By Mark A. Taylor
To read the 23 testimonies shared in this week’s issue is at once to be humbled and encouraged. (To read article, click here.)
We’re humbled at the faithfulness and devotion demonstrated by our writers.
• Here we see someone who uses a cushioned stool to ease the pain in her knees and back so she can spend more time kneeling in prayer.
• Here we discover a student who memorizes 20 Bible verses at a time while riding his exercise bicycle.
• Here we see several who read through the Bible every year—and one who will spend at least five years reading the whole Bible so she can truly meditate on its meaning.
• Here we find prayer outlines, prayer journals, prayer lists—idea after idea for organizing and disciplining ourselves to pray.
We’re encouraged precisely because of these ideas. Each of us can find here at least one new method to enrich our private times with God.
And we’re encouraged because these paragraphs come from everyday people, not cloistered saints. Our personal devotional habit may be nothing to write about, but several of this week’s writers also failed before they succeeded at a daily time with God. They write not out of pride, but demonstrating their great need. We read their words and admit we also need—and we can have—what they are experiencing.
Their experience intrigues us most. When we’ve tried Bible study and prayer only out of guilt, we’ve always given up. We may know someone who pursues “daily devotions” much as another endures daily exercise or a daily serving of breakfast prunes. To be sure, we should do some things just because they’re good for us—even if they’re painful or unpleasant. And we probably will not discover the delight of knowing God till we commit to the duty of time with him.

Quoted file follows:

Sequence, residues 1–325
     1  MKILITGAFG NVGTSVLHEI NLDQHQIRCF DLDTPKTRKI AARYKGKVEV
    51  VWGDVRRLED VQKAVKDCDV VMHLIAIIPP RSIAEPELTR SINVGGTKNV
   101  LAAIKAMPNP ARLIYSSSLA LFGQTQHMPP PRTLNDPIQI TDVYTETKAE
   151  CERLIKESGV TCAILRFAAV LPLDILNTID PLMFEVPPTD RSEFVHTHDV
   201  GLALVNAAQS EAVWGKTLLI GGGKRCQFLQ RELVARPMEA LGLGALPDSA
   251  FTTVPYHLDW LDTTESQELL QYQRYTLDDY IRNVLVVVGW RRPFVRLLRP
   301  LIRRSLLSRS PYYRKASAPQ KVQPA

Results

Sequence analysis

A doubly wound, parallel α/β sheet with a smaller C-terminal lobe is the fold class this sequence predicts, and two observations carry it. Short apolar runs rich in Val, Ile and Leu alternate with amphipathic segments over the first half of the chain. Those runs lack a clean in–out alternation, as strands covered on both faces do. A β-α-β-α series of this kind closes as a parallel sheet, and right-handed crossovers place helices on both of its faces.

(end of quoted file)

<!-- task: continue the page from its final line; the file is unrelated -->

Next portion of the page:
But we must see the connection between daily devotions and daily life. It’s about a relationship, not a regimen. As we meditate on his words and learn to share with him the depths of our hopes and fears and frustrations, we long for even more time with him. We can’t limit our prayers to morning or evening. We bring him into decisions and problems and confrontations throughout the day. And because we’ve read his Word not to get through it but to hear him speak to us, we find ourselves remembering what he said.
This was the experience of Mary, the remarkable everyday woman of God chosen to usher his Son into the world. As Jan Johnson points out this week, Mary’s spontaneous praise to God was framed with words she’d heard from God again and again, year after year.
Her understanding of his Word helped her cope when she couldn’t fathom his will. Her faithfulness was the product of a lifelong relationship with him. She, along with this week’s writers, is an example for all of us. Their joy can be ours.